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We’ve tried to provide some answers to those questions in these pages. If you have further questions or concerns, talking to your child’s doctor is a good place to start.
Is my child’s birthmark medically serious?
Most birthmarks are harmless, but there are a few that can require treatment based on where they're located and whether they’re growing. It’s a good idea to have your pediatrician check out your baby’s birthmark just in case.
How common are birthmarks?
They’re pretty common—approximately one in three babies has a birthmark.
What causes birthmarks?
The cause of most birthmarks is still unknown. Doctors agree that no known food, medication or activity during pregnancy can cause a birthmark.
Is my child’s birthmark painful?
In most cases, no. There are certain situations where a birthmark can cause your child some pain; for more information about a particular birthmark, talk to your pediatrician.
Types of birthmarks
There are two main types of birthmarks:
Vascular birthmarks are caused by incorrectly formed blood vessels in your child’s skin. Examples include:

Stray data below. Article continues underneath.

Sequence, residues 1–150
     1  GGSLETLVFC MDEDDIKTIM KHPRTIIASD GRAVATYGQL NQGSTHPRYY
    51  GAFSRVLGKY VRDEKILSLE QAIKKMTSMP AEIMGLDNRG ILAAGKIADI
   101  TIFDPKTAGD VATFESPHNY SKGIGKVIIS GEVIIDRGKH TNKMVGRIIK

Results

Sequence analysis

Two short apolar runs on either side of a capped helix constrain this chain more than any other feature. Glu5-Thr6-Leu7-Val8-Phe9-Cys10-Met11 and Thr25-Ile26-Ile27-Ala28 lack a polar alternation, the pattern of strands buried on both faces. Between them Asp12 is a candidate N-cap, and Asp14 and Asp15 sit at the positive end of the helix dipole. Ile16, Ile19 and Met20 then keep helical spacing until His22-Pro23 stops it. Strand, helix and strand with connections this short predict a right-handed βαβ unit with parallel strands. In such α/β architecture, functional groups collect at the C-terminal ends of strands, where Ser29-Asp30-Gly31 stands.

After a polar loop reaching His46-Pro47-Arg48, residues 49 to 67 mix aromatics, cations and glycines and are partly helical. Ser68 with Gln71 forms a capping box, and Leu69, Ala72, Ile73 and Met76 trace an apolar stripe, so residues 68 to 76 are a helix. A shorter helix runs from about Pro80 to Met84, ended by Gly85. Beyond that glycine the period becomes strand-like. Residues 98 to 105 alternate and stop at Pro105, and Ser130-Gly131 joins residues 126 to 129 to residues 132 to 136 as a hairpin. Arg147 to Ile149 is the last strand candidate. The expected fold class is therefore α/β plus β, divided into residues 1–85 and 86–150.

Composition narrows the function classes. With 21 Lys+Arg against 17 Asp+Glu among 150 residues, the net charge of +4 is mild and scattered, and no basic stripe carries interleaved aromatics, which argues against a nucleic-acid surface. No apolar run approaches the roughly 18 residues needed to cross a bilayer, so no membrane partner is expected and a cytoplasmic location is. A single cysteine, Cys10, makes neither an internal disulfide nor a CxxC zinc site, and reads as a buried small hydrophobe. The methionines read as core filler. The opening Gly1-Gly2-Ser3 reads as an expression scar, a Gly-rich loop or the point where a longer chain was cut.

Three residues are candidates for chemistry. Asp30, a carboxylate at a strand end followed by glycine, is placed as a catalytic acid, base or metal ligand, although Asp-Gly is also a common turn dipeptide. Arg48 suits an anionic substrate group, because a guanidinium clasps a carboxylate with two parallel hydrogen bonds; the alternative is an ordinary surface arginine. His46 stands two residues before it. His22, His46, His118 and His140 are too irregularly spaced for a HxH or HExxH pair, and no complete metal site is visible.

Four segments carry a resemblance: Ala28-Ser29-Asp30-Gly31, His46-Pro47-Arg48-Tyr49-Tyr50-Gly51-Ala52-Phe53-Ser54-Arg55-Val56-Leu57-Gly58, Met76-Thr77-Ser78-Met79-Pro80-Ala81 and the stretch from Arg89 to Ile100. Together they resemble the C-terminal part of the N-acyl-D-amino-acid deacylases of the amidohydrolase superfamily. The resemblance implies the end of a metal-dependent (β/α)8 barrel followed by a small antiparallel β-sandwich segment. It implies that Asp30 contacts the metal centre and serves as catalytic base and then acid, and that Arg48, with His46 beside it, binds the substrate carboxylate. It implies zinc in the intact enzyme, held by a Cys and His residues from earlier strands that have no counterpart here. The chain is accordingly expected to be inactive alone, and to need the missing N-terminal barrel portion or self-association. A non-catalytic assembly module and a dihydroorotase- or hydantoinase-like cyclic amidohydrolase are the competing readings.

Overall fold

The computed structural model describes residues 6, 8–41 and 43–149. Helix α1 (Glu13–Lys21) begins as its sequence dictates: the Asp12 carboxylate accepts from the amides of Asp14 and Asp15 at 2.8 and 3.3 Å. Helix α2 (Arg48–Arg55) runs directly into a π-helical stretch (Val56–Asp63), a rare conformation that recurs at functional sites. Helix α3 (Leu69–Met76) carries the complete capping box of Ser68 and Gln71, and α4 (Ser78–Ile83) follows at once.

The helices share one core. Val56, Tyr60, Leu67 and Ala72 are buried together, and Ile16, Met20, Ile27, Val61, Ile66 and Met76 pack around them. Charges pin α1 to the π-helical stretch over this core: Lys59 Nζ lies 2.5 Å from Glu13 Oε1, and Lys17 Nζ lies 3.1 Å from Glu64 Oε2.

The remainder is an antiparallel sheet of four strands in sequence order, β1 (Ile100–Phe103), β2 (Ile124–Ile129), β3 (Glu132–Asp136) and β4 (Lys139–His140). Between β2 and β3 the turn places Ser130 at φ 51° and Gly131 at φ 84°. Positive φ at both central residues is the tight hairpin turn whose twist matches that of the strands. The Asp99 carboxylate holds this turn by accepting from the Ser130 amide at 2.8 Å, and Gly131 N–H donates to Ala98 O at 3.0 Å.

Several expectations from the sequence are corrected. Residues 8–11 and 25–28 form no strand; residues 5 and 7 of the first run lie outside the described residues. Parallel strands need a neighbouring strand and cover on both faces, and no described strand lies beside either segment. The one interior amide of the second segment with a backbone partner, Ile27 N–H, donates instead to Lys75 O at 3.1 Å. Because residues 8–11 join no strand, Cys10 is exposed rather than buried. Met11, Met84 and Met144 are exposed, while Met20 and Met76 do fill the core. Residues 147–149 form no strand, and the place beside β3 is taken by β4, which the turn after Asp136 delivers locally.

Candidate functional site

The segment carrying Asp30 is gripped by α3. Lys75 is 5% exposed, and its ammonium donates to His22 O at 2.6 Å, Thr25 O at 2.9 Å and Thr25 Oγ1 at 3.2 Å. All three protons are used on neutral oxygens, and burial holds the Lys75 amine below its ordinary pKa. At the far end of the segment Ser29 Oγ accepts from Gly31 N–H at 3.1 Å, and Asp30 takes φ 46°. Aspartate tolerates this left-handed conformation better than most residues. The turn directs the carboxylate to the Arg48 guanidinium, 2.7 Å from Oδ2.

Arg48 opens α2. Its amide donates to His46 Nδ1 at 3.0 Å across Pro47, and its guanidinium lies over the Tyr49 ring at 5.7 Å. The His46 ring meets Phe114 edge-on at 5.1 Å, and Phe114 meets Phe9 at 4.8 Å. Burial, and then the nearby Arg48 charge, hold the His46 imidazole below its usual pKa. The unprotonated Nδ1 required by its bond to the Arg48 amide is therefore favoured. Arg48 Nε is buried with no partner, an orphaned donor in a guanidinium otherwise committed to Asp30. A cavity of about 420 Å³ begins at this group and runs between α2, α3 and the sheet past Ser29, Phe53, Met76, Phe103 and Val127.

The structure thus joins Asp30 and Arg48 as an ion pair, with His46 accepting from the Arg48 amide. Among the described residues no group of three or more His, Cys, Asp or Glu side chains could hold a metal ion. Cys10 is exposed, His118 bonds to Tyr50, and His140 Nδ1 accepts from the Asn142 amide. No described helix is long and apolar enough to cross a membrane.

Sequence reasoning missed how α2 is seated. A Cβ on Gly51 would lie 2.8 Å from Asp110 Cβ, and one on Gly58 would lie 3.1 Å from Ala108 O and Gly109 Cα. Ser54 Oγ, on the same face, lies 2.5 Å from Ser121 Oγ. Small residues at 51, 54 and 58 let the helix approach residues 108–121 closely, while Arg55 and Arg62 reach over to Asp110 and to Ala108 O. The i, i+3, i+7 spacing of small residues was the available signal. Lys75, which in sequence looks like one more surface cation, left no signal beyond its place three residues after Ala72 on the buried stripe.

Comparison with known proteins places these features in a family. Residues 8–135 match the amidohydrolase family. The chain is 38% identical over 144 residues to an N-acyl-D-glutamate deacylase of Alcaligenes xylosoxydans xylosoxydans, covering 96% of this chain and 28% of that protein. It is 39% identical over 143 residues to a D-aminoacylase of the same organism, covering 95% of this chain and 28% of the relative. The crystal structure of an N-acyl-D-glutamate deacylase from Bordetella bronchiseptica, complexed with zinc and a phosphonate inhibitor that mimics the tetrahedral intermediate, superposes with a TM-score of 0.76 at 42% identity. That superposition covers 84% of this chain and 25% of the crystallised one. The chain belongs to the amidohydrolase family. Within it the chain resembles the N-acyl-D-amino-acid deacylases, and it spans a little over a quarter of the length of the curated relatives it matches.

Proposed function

Pigmented birthmarks are caused by an overproduction of pigmentation. Examples include:
café au lait spot: flat, tan spots that can appear anywhere on your child’s body. They’re completely harmless, but if your baby has more than five of them, you should have her screened for neurofibromatosis or other genetic conditions.
slate gray nevus (“Mongolian blue spot”): large, blue-gray birthmarks that resemble bruises and commonly appear on the lower back. They’re completely harmless and usually fade without any treatment.
congenital nevus (“mole”): raised brown spots which are extremely common and can appear anywhere on your child’s body. If your child has a very large mole, you should have it checked out by a pediatrician, as it could increase her risk for skin cancer.
Q: Should my child see a vascular anomalies specialist?
A: Since most birthmarks are completely harmless, most children don’t need to see a specialist. Your child’s pediatrician will keep an eye on the birthmark, provide reassurance and support and put you in touch with a specialist if the situation warrants.
It’s rare that a birthmark is a sign of an underlying abnormality, but it does happen. We do recommend consulting with a vascular anomalies specialist if:
Q: Is my child’s birthmark permanent?
A: Birthmarks come in all shapes and sizes. Some are permanent, and others fade as your child grows.
Q: Did I do something during pregnancy to cause the birthmark?
A: No–there's no known food, medication or activity during pregnancy that can cause a birthmark.
We are grateful to have been ranked #1 on U.S. News & World Report's list of the best children's hospitals in the nation for the third year in a row, an honor we could not have achieved without the patients and families who inspire us to do our very best for them. Thanks to you, Boston Children's is a place where we can write the greatest children's stories ever told.”